A Beginner’s Guide To Self-Care
What Self-Care Is, What It’s Not, Why You Need It, & How You Can Get Started Practicing It Today
Globally, chronic stress (caused by the rigors of everyday life) has reached epidemic proportions. Three out of four adults now experience at least one somatic symptom of stress . That is, their chronic stress has a noticeable physical effect on their body, like causing fatigue, nausea, muscle soreness, insomnia, or anorexia .
The most basic, simple step you can take to minimize the stress in your life is to practice self-care. Self-care is proven to diminish the somatic symptoms of stress while also reducing the negative thoughts that cause anxiety [3, 4]. What’s more, practicing self-care is nearly guaranteed to have a positive impact on your physical and emotional health, make you a more patient, attentive caregiver/friend, and make you more productive at work.
What Is Self-Care?
Self-care is so much more than just taking a minute to relax (though it involves that, too)! At the risk of sounding reductive, self-care is taking care of yourself. This includes relaxing, eating right, following a healthy sleep schedule, and making time for socializing, exercising, and other activities that you find soothing and enjoy . The best self-care also involves prioritizing your own “hierarchy of needs” and practicing self-compassion and self-calming behaviors [6, 7].
Why Practice Self-Care (And Why Do People Neglect It)?
People neglect self-care because, when you consider other responsibilities like working, and taking care of family, taking care of yourself first often feels indulgent and selfish . That’s because society views self-sacrifice (putting others above yourself) and over-exertion as signs that someone is dedicated, a morally upstanding person, and a valuable asset to their friends, family, and employer [9, 10]. That’s why the vast majority of adults ascribe greater meaning and value to activities requiring them to experience more significant pain and put forth more considerable effort . This “distress effect” is also why almost one-quarter of working adults work so much/so hard that they report feeling persistent burnout, and an additional 44% sometimes work to the point of mental, physical exhaustion, or both .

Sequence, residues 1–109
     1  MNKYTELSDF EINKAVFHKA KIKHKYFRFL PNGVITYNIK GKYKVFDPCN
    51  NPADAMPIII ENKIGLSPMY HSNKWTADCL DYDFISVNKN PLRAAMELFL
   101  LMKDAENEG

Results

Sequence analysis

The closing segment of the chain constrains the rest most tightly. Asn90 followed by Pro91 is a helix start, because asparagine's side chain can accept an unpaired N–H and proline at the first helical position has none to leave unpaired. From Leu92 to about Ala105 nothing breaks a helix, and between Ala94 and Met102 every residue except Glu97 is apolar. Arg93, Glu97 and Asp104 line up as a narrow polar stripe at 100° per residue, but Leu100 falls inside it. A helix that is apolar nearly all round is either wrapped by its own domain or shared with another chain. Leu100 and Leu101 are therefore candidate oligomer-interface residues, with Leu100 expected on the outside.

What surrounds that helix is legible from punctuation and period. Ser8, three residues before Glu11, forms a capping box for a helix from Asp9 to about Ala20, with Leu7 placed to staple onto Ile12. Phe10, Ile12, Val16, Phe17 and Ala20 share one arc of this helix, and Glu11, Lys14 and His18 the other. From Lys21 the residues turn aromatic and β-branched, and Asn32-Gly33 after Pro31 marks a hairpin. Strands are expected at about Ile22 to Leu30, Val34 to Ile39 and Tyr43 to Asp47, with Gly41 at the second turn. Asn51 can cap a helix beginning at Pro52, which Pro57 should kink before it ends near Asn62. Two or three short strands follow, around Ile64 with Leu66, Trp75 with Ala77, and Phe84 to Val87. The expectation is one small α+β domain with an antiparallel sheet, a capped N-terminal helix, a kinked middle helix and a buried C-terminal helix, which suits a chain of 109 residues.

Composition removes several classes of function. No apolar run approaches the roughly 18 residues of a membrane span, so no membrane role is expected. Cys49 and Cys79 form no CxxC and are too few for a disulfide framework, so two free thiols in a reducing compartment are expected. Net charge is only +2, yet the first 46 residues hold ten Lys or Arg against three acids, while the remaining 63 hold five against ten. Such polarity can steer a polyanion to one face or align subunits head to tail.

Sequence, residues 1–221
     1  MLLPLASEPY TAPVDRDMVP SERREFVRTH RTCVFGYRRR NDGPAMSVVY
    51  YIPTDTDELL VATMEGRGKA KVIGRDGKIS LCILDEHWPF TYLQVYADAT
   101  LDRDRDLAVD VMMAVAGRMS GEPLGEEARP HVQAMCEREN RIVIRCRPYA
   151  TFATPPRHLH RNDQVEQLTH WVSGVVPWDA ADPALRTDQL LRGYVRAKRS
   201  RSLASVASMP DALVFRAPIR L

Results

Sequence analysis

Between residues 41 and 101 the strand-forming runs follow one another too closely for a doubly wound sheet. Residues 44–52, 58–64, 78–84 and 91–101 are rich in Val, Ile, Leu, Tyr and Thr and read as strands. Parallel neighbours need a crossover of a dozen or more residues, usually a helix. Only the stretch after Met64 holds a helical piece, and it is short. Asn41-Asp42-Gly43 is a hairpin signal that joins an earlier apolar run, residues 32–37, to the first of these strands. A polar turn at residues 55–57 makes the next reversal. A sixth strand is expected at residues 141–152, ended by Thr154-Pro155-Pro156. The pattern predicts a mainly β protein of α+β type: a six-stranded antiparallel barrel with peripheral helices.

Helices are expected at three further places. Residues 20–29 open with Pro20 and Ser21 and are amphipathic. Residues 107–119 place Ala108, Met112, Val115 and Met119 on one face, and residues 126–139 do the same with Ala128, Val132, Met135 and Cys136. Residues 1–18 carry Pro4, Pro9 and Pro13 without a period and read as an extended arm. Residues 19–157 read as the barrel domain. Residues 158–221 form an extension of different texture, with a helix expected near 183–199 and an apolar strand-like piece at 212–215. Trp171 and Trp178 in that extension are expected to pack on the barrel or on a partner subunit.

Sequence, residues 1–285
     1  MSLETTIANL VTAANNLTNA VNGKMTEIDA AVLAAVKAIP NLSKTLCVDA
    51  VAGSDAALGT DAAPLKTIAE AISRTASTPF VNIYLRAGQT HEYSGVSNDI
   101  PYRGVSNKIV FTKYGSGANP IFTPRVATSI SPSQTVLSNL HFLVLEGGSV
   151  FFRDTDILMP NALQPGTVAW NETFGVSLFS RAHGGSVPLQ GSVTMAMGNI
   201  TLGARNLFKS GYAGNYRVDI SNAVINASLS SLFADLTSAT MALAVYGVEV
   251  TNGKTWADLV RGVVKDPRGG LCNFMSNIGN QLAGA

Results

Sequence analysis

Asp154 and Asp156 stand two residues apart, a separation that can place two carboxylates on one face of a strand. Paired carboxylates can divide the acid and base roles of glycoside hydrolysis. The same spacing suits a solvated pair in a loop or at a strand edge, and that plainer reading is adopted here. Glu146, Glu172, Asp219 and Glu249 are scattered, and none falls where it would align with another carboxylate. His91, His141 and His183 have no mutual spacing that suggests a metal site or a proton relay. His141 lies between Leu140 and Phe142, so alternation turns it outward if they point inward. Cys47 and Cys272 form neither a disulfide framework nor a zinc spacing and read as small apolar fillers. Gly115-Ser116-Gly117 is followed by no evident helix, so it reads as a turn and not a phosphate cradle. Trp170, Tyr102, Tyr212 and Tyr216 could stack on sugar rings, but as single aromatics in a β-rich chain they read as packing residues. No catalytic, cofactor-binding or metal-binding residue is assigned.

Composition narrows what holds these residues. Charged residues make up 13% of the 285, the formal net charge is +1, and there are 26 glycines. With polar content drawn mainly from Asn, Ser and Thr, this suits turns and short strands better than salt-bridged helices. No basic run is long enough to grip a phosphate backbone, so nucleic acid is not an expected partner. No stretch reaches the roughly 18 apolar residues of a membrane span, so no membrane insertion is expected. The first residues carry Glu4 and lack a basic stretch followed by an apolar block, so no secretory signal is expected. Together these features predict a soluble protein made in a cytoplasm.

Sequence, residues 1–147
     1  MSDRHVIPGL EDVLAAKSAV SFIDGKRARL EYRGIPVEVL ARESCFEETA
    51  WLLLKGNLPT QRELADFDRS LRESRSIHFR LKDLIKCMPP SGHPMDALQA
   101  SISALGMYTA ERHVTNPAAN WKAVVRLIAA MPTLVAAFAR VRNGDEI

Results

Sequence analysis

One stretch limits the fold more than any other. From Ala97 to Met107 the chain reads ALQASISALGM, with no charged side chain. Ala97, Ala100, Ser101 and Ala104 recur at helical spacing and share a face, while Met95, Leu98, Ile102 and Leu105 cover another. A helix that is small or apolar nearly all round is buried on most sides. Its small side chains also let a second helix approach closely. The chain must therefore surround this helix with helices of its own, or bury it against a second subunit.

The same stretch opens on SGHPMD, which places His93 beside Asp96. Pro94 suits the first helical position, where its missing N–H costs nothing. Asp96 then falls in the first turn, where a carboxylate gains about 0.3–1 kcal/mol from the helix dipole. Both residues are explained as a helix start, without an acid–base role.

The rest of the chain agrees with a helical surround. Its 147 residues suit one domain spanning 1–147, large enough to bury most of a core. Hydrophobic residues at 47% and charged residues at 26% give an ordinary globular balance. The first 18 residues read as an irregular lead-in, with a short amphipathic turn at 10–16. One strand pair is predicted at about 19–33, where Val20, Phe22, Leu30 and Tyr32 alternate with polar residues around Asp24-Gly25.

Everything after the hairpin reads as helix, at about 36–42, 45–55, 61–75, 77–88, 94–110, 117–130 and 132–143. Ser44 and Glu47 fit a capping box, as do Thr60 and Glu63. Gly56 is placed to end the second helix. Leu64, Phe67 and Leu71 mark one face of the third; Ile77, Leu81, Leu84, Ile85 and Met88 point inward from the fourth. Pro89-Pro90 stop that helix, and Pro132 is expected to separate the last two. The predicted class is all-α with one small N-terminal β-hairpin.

The thing is, self-care is actually a critical part of your physical, emotional, and mental well-being, and people who neglect it suffer significantly because of it. What’s more, the best self-care also makes you better able to handle all of your other responsibilities, making your social and professional contributions better.
The Physical Benefits of Self-Care
Chronic stress causes a considerable amount of physical problems. Tension can cause musculoskeletal pain and headaches, respiratory distress, heartburn, stomach pain, and appetite loss . What’s more, elevated levels of stress hormones increase the risk of high blood pressure, heart attack or stroke, or impaired immune responses that lead to chronic fatigue syndrome, autoimmune disorders like rheumatoid arthritis, metabolic disorders like diabetes, and insomnia .
Self-care reduces physical tension and lowers stress hormone levels. Consequently, the best self-care doesn’t just make you feel relaxed; it also makes you physically healthier and improves your long-term health outlook.
The Mental and Emotional Benefits of Self-Care
Chronic stress leads to depression, anxiety, panic disorder, and a number of other mental health conditions . People who neglect self-care tend to feel sadness and loneliness frequently and have little sense of self-worth and self-confidence [14, 8]. The best self-care practices require self-compassion, which ultimately boosts feelings of self-worth and self-confidence and helps people minimize and manage the symptoms of depression and anxiety. Additionally, the best self-care strategies increase happiness and community connectivity and support, which together help build up emotional resilience — that is, they make people better able to handle stress and crisis in healthy ways .